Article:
The ageing population and inclusive bathroom design

Published:  05 September, 2017

Martin Walker, CEO of Methven UK, discusses the role played by technology and design in the creation of usable bathrooms for the ageing population, and what this means for builders and installers.

With advancements in both healthcare and technology, the UK’s population is now living longer than ever before. Despite being a positive development overall, this also presents bathroom manufacturers and designers with a series of new challenges and, with more than 11 million people aged over 65 and one in three aged 55 and over, it is now more vital than ever that society is prepared to meet the needs of the elderly.

In a survey on housing options for the elderly, conducted by Shelter, more than 50% of respondents believed their current bathrooms required modification in order to make them more accessible and easy-to-use. This need for change is also supported by NHS statistics, which revealed that it spends £16 million each year on treating elderly patients for injuries related to falls associated with baths.

The bathroom has also been identified as a key area that should be designed to embrace all ages and abilities by the Foundation for Lifetime Homes and Neighbourhoods. Despite urging the bathroom industry – including specifiers, installers and manufacturers – to support inclusive living, much more still needs to be done and, to address this, members of the Bathroom Manufacturers Association (BMA) are now trying to tackle the challenges facing the ageing population themselves.

Manufacturers are working to develop products that improve safety and accessibility, and help create bathroom spaces, which are usable for the duration of a person’s life. For example, product enhancements such as longer, more ergonomically designed lever handles and looped lever handles, can make showers and taps easier to operate, making a positive impact on the overall bathroom experience. Likewise, taps that feature clearer markings and instructions mean that those operating them can identify which is hot and which is cold more easily.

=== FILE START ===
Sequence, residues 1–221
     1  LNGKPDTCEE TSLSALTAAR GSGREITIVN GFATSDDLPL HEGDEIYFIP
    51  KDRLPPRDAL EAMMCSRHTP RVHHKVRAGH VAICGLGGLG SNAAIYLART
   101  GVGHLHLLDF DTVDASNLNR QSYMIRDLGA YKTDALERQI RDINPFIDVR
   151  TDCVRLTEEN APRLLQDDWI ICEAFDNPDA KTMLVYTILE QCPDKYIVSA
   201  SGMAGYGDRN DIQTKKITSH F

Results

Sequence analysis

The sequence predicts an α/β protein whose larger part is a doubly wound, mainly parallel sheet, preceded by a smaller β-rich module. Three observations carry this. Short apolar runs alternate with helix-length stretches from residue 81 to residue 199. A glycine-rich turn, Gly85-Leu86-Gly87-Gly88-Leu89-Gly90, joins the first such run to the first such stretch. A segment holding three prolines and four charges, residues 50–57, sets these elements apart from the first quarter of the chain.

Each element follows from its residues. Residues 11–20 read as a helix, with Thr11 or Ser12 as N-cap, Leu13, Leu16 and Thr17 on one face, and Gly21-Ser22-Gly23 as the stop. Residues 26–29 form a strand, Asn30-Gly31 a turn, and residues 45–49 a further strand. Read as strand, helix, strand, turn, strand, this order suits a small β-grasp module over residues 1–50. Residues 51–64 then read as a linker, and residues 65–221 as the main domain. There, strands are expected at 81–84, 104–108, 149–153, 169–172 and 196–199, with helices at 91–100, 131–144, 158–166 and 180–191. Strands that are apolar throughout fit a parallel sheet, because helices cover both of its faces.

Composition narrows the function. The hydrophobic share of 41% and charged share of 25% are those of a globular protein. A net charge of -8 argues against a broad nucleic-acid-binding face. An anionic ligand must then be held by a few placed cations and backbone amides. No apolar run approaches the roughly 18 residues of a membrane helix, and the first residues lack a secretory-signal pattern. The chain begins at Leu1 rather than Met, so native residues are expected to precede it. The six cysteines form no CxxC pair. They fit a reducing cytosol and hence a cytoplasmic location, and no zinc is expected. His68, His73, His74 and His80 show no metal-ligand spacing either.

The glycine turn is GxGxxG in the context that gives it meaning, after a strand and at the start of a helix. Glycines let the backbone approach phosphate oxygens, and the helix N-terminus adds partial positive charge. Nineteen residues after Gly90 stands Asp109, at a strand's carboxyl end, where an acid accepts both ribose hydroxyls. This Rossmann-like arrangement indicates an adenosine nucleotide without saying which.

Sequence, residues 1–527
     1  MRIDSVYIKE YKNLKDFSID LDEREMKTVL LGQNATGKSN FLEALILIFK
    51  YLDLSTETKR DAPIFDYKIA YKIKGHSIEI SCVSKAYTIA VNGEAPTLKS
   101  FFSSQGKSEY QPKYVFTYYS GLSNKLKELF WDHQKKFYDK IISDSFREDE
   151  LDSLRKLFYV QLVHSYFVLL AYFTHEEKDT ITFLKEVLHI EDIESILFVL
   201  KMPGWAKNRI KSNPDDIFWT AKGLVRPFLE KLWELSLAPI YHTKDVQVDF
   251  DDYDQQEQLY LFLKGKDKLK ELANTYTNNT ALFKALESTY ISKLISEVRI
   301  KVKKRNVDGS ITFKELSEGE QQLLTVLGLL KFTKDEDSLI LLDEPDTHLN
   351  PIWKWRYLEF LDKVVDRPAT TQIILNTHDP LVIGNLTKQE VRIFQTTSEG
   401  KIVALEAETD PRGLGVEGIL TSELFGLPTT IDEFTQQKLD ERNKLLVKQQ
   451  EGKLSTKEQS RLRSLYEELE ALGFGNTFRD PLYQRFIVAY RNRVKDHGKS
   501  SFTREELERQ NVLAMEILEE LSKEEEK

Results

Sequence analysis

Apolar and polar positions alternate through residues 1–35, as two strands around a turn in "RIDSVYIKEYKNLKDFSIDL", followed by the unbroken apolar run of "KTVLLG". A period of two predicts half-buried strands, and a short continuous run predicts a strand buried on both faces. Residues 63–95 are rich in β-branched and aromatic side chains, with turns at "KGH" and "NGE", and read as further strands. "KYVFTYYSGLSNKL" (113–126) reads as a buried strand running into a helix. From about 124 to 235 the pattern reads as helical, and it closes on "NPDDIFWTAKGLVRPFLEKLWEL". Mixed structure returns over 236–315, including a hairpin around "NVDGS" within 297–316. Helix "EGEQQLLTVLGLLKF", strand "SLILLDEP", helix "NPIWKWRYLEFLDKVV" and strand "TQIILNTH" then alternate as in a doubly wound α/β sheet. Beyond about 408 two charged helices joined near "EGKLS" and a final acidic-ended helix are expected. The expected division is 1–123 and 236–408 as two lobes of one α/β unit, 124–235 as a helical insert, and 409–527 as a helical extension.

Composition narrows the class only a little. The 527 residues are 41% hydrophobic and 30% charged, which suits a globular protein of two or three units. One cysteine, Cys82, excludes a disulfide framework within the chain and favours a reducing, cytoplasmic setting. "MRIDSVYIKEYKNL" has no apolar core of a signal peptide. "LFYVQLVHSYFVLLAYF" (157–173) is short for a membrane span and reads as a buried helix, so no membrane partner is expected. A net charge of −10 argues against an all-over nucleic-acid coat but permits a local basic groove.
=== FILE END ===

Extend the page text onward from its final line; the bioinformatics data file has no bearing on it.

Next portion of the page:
While design is important, so too is the development of new technologies to future-proof bathrooms for the ageing population. Often, their needs are dismissed simply as mobility challenges, which can be resolved with the creation of walk-in baths. While providing some assistance, these methods fail to address many of the more serious issues the elderly face in the bathroom and showering. Temperature, spray pattern and flow can all impact upon an older person’s showering experience and these considerations have helped to shape recent technological advancements in showering products. And, with the rise in multi-generational living, these considerations benefit the whole family.

For the elderly, safety is of paramount importance, as hot water can cause a serious scald injury within seconds. In fact, severe scalding is the second most common cause of household injuries, with 570 serious bath water scald injuries, and more than 20 related deaths, in the UK every year.

Thermostatically controlled products can help here, as they control the temperature of water for showering, bathing and hand washing. These products contain valves that maintain a pre-set temperature even if the water pressure varies when other appliances are used. Once installed and maintained correctly, they can significantly reduce the risk of scalding in the home.

Elderly users also often have sensitive skin, so showers with a softer flow can be helpful. These showers create an optimum water droplet size, providing greater softness, warmth and coverage, while still delivering an immersive showering experience.

Elderly users can also benefit from cool-to-touch bar showers, which ensure that the temperature of the shower valve never exceeds that of the water. Because it is safe to touch, users won’t scald themselves if they accidentally come into contact with the shower body, especially if shower space is limited.

The overarching message when looking at the future of bathrooms is that inclusivity and versatility are imperative; installed products should address the needs of the ageing population without alienating users from a design perspective. The bathroom should be a user friendly, relaxing and, most importantly, safe place to be.

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